United States

Nebraska: Proposed Legislation Would Incorporate the 2016 Revised Uniform Unclaimed Property Act

Jan 30, 2017
From KPMG TaxWatch

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Nebraska has become the first state to introduce legislation that, if enacted, would incorporate the Revised Uniform Unclaimed Property Act (RUUPA) into the state’s law. The RUUPA was issued by the Uniform Law Commission last summer following three years of discussions among states, audit firms, unclaimed property practitioners, and holders. RUUPA is intended to bring state unclaimed property laws into the modern era by addressing types of transactions, business practices, and customer interactions that have evolved since the prior iteration of the uniform law was promulgated in 1995.

Nebraska Legislative Bill 141 was introduced by Senator Matt Williams on January 9, 2017. If enacted as proposed, Legislative Bill 141 would make the following changes:

  • Audits: The bill would eliminate the current requirement that the State Treasurer must have a “reason to believe” that a business has failed to report property to conduct an exam. Further, it provides the State Treasurer with the authority to issue an administrative subpoena requiring a business or its agent to make records available for review.
  • Statute of Limitations:  The proposed legislation would increase the statute of limitations from seven years to 10 years for businesses that have not filed unclaimed property reports. 
  • Record Retention: The bill also increases the record retention period from seven years after the property was reportable to 10 years  after the report was filed or was due to be filed.
  • Non-Return of Mail Exclusion: Current law permits the non-return of a letter mailed to the last known address of an owner of certain accounts held with a banking or financial institution to be considered owner contact sufficient to prevent escheatment. Legislative Bill 141 would eliminate the non-return exclusion.
  • IRA Dormancy Trigger: The bill would significantly change the trigger date for the running of the dormancy period for Individual Retirement Arrangements (“IRAs”) by requiring escheatment even if assets are not yet distributable. The proposed language calls for IRA property to be escheated three years after two consecutive mailings are returned as undeliverable by the post office. The IRA assets need not be qualified for mandatory distributions under the Internal Revenue Code, which is a departure from the analogous RUUPA provision. Current Nebraska law measures dormancy from the date of a failed distribution and makes the property escheatable 30 days after the date of that distribution if certain owner action did not occur in the 5-year period prior to the distribution.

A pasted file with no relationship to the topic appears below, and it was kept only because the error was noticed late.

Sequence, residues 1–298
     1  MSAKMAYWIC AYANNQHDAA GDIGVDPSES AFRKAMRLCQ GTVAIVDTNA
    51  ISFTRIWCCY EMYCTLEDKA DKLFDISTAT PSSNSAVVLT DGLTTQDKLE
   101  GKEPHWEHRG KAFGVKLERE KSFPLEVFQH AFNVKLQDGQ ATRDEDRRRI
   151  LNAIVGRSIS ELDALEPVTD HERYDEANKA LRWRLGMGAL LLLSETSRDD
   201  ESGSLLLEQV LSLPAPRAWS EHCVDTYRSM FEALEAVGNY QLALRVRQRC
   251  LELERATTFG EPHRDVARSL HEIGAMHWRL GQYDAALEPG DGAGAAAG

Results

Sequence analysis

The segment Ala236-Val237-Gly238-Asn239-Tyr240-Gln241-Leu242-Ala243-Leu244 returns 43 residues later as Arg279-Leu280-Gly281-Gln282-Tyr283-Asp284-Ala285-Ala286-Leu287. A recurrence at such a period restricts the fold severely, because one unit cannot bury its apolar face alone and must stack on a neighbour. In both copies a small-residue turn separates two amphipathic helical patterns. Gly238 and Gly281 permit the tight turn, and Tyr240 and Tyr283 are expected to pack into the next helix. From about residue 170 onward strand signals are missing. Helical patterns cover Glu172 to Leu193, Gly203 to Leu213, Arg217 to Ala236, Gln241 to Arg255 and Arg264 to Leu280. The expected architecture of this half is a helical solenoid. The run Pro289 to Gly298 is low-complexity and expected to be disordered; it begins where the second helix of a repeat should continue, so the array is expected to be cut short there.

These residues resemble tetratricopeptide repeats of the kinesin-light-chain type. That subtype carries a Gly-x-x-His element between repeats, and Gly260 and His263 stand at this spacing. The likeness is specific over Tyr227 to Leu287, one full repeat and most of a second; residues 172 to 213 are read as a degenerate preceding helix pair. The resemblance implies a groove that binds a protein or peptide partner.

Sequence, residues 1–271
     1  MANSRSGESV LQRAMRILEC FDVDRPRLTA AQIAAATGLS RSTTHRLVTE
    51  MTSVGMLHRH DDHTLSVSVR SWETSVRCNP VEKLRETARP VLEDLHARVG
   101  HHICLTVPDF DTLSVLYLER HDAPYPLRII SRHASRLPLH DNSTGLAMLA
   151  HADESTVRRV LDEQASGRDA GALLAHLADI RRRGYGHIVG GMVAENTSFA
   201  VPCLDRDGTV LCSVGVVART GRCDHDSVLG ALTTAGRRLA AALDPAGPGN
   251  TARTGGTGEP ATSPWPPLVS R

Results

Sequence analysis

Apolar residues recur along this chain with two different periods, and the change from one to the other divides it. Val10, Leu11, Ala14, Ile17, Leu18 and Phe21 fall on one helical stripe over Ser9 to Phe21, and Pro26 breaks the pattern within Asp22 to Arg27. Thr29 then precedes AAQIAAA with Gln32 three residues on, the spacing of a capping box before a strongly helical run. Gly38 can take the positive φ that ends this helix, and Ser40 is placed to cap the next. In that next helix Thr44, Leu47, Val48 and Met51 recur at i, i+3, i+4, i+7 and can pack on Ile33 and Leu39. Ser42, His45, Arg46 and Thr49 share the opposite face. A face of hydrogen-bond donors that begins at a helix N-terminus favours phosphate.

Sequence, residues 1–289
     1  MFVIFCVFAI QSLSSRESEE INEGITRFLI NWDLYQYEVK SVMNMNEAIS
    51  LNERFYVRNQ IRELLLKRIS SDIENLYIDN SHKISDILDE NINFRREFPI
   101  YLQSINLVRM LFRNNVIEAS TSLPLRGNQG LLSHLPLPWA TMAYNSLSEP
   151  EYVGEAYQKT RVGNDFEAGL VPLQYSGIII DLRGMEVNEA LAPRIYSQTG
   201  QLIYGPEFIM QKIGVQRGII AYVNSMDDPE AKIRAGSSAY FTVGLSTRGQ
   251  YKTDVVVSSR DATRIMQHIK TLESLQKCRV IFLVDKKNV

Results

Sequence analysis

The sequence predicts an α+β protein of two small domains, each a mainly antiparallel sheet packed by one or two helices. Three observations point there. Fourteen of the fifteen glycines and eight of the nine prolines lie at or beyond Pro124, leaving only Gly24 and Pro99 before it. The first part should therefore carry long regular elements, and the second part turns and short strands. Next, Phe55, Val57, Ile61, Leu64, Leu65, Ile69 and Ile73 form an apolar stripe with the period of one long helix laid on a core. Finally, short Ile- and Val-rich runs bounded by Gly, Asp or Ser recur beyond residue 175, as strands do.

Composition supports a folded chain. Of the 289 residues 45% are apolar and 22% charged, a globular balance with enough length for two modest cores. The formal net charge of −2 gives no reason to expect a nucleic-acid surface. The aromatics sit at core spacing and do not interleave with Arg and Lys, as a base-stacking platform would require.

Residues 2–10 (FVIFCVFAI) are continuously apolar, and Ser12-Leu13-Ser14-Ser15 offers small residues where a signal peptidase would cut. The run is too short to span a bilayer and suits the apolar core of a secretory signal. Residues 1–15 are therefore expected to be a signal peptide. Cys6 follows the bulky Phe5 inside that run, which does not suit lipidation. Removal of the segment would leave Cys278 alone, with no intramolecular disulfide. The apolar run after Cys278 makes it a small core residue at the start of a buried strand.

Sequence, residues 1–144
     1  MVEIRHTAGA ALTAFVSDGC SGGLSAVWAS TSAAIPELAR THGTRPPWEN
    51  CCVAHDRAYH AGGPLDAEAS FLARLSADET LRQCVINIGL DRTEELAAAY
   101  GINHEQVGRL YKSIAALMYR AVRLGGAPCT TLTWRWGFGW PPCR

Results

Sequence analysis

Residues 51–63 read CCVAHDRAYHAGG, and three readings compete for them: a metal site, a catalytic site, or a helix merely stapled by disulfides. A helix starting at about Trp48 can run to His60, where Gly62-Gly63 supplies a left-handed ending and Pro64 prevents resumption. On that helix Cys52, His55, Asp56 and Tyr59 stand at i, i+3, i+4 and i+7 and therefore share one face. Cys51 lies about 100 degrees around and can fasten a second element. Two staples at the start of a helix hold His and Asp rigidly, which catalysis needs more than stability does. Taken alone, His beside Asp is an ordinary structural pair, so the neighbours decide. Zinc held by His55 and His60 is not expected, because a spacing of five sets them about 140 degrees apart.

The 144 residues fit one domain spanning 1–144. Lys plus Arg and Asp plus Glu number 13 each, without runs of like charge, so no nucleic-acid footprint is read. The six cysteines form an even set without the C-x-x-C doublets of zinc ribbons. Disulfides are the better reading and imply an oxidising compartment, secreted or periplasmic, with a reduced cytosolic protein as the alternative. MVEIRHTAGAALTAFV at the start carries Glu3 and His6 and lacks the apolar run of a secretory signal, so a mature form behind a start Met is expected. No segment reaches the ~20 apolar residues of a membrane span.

• Penalties and Interest: Nebraska’s current unclaimed property law includes criminal penalties for non-compliance, as well as civil monetary penalties. The bill would eliminate criminal penalties. The proposed civil penalties and interest charges for failure to comply with the provisions of the bill are broader and greater than under current law.
  • Reporting Deadline: The bill would change the reporting deadline for all insurance companies from October 31 to April 30. Currently, only life insurance companies are required to report by April 30.

For additional information on the proposed changes to Nebraska’s unclaimed property law, contact Karen Anderson at 317-523-5049 or Will King at 214-840-6107.

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The following information is not intended to be "written advice concerning one or more federal tax matters" subject to the requirements of section 10.37(a)(2) of Treasury Department Circular 230.

The information contained herein is of a general nature and based on authorities that are subject to change. Applicability of the information to specific situations should be determined through consultation with your tax adviser.